Amy B. Reid: Conversations Overheard

Amy Reid
photo: courtesy Amy Reid

Lately, whenever I can steal a few moments to read uninterrupted, I’ve been diving into Patrice Nganang’s Mount Pleasant, as translated by Amy Baram Reid. It’s a fantastic novel, set in colonial-era Cameroon, but with an early 21st-century frame that allows for an imaginative reinvention of the past, playful without ever losing its darker edges. As Reid notes, there’s a lot going on in this book for one translator to take on, but I’m delighted by how she’s pulled it off so far, and eager to take the rest of the journey with her.

One of the phrases I remember from childhood—and maybe you do to—is “little pitchers have big ears.” It amused me then because of the incongruity of the image (a pitcher with ears?) and also for its truth: kids soak up what they hear, even if the words aren’t meant for them. It also describes the narrative premise of Patrice Nganang’s Mount Pleasant: for if one kid hadn’t been a sponge for all she had overheard, the stories of Mount Pleasant would have been lost forever.

At the heart of Mount Pleasant are the intertwined issues of conversation and translation: conversations in the present between the elderly Sara and the young Bertha, themselves translations of exchanges years before between another Bertha and the same Sara, a young girl who was transformed by stories into a young boy, Nebu. Conversations and stories swirl magically in the court of the Sultan Njoya and, years later, resurface to enchant both the idle youth of Yaoundé and the novel’s readers. Artists discuss aesthetic ideals and lovers their amorous exploits; ambitious plots are revealed and scars disclose traumas born in silence.

Exchanges in the novel take place in multiple languages, and often on the borders between French, English, and German, between Shümum, Shüpamum, and Ewondo. Writing, drawing, and sculpture become the sites where tales and visions are translated—allowed to travel across time and space, as well as language. This concatenation of words and languages made my experience of translating Nganang’s novel exceptionally challenging and rewarding.

Although the French original, Mont Plaisant was published in 2011, my listening in on the novel’s conversations goes back to 2007, when Patrice gave a talk on Njoya’s library at the college where I teach. That night Patrice transported the audience to Cameroon, first to Yaound&#233—where he was raised and where the library now stands—and then to Foumban—the capital of Njoya’s sultanate at the turn of the twentieth century. He shared with us the story of his discovery of the vibrant artistic community that surrounded the sultan, of the books and manuscripts that were produced there in the years before Cameroon was divvied up by the League of Nations, and of the silencing of this literary heritage in the years since the colonial encounter. As Njoya’s court comes to life again in the exchange of stories between Sara and Bertha, Nganang reminds his readers that we have a responsibility to listen past the silences that surround us, to hear and learn stories that were written out of the record.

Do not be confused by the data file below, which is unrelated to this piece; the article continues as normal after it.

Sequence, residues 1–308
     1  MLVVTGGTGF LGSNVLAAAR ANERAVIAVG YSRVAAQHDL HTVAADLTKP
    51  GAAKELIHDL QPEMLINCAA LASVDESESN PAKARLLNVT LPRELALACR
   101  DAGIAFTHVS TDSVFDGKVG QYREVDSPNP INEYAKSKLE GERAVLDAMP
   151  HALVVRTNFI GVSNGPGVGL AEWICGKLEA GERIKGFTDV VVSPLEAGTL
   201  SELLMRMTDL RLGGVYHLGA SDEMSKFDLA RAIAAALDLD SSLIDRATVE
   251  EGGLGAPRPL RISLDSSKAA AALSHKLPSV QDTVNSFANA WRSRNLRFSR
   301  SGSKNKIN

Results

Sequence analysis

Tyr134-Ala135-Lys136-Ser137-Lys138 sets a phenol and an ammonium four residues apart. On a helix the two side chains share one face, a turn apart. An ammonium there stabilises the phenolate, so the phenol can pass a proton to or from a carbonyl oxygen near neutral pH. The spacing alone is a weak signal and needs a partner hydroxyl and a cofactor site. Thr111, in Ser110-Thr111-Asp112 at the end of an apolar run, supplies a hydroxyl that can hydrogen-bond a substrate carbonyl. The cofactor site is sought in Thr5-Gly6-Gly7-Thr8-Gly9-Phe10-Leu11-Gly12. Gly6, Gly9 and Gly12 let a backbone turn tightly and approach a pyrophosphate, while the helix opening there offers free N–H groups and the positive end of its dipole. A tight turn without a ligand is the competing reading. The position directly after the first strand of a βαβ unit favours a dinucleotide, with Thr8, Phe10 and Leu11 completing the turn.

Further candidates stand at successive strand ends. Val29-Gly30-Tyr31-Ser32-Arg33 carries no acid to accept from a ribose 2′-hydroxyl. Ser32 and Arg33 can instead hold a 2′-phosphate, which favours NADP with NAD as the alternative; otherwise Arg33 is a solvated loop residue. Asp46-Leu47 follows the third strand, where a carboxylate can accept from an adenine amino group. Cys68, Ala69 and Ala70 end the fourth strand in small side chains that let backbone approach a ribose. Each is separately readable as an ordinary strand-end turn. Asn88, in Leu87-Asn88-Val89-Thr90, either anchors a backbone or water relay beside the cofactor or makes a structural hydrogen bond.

I’ll admit I embarked on this translation with trepidation: Mount Pleasant is a big novel in terms of scope and length. It ranges geographically from Foumban and Yaound&#233 to Berlin, and temporally, between the 1880s and 1933 and its narrative structure is complex. The novel is not only polyphonic—ceding the floor to scores of story-tellers—but also ventriloquial—drawing our attention to when and how people speak for others. Mount Pleasant takes us into a world of words we cannot master—words spoken in languages unfamiliar to most Americans, words written in scripts long forgotten. Some of these scripts adorn the section headings in the novel, while others let us measure what remains unsaid in Sara’s story.

There were times in the process of translation when I felt like a juggler with too many balls in the air and too few hands to catch them. But when the last word was said, the interweaving of the novel’s many plots and timelines left me in awe of Nganang’s talent as a storyteller: how he is able to interweave magic and brutal realism, coincidence and conspiracy, in a story that is at once satisfying and inexhaustible. A story worth lending an ear.

8 June 2016 | in translation |